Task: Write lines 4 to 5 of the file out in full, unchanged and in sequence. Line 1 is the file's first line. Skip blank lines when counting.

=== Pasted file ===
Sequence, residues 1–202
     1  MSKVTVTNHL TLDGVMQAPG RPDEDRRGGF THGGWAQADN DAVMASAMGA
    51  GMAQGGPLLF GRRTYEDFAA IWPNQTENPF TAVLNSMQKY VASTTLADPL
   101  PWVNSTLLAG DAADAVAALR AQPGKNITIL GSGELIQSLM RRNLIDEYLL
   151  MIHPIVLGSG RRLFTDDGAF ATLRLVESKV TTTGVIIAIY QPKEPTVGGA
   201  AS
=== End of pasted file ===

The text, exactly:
   101  PWVNSTLLAG DAADAVAALR AQPGKNITIL GSGELIQSLM RRNLIDEYLL
   151  MIHPIVLGSG RRLFTDDGAF ATLRLVESKV TTTGVIIAIY QPKEPTVGGA